The year of 1950 the “Photo Goldner” Agency sent two photographers to portray Spain. In the same trip they also crossed the Mediterranean for a “Romantic Tour” in Tunisia and Morocco. We know very little about this Photo Goldner Agency, solely that it had its headquarters in number 4 Claude Debussy square, 17th district of the city of Paris. Also they worked mainly with magazines and publications like LIFE.
It is not Jamón de Pata Negra nor olive oil nor even the popular Paella or the traditional Córdoba Salmorejo, what is being a sold-out recipe around the world this XXIst century is our simple very modest Churro. It is a very familiar recipe all along the Americas (Hispanic Americas), many countries have their own version, filled with cream, chocolate, you name it.
It is said that Philogelos (from the Greek “laughter lover”) is the first written compilation of jokes in history, although I am sure that the idea of a joke is far older than that. It must have been born the very first day humans raised their voices to speak right alongside laughter.
Every single inhabitant of Madrid knows that when looking up at night the only stars he might see are the ones in the flag. This is also true for the inhabitants of Barcelona or any one of the 10 most populous cities in Spain. But not only this is true in Spain, every single human being living in a relatively big city cannot enjoy a starry night, it is somehow forbidden.
There is something that you can happily leave out when visiting Córdoba and that is the bottle of water which, along with the camera, makes tourists recognizable all over the world. For there are very few cities in the planet that offer such a vast network of public fountains with the best drinkable water.
The Ministry of Agriculture has recently granted the best Spanish wine of 2019 award to the Fino Capataz Solera de la Casa, original from Montilla-Moriles (Bodegas Alvear) in Montilla (Córdoba). The quality of a wine that, as of today, is not very popular among users and is constantly undervalued by the world’s wine industry is finally acknowledged.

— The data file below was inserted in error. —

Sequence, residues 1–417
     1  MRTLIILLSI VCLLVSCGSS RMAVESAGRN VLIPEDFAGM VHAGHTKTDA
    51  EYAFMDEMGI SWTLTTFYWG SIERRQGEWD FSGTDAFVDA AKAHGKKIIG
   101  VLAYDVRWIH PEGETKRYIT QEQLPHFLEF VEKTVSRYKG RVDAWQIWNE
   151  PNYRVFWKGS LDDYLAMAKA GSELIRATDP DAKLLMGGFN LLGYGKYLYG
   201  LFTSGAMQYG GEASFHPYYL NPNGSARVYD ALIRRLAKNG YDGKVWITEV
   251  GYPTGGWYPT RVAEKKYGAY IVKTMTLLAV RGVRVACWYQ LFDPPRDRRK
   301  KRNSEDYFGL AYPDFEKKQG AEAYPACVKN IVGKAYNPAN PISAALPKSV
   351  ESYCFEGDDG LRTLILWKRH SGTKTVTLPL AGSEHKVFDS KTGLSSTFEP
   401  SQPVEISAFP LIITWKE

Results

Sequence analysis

It was the writer Camilo José Cela the one who eventually coined the term “yoga ibérico” to speak of napping or siesta, a true Iberian habit. This great author claimed that napping ought to be done in full gear: “pajamas, bedtime prayer and urinal” –urinals under the bed sets us in another time–; although doctors do not agree with long siestas.
Many are the Spanish dishes that have traveled the world: “paella”, “tortilla de patatas”, “fabada”, “cachopo”, “ensaladilla rusa”, “croquetas”, “cocido”, “gazpacho”… however none of those delicious dishes have orbited the Earth, with the single exception of our beloved “salmorejo”.
It is not all that clear how the connection between the city of Córdoba and San Rafael begun, but I will do my best to explain it. First of all, many believe that San Rafael is the patron Saint of Córdoba: it means a festive day, the city is filled with sculptures and other representations of this Saint and of course Rafael is the most popular name for boys in the city; that would easily lead anyone to believe so. San Rafael, at many levels, acts as a true patron Saint but is not.
How come beer is served in big pint or half pint glasses north of the Pyrenees and here in Spain we pull it in little glasses called cañas? Germans and Englishmen, most Europeans in general, are usually shocked the first time they see the minimalistic size of the glasses here; and then they usually ask for the biggest glass in the bar, and that is their mistake. They have forgotten the first rule when traveling and that is: “wherever you go, do what you see.” It is not that we drink less beer –although it could very well be– it is simply that we drink it in smaller glasses.
It is not the oldest in the country but the Córdoba Fair is old nonetheless. It was a privilege awarded by king Sancho IV in 1322, and it gave the city permission to hold two annual fairs: “the first one on White Sunday or Pentecost (the 21st of May) and a second one the 8th of September where, traditionally, farmers and nearby villagers gather to buy and sell cattle and goods from all over the country so that they can fulfill their contracts.”
You’ve successfully studied our language and, quite satisfied, you go out to practice and show what you’ve learned to the world. However, to your surprise, in the city you are in, you hardly understand half of what you hear. Take a deep breath, you’ve got to understand it is not your fault, every city in Spain has its own slang and accent. As far as Córdoba goes, it may not be as rich but it sure is used heavily. Now, I’ve written a short story using as much Córdoba slang as possible so in the near future you can identify the local tongue and be able to get by in any given conversation.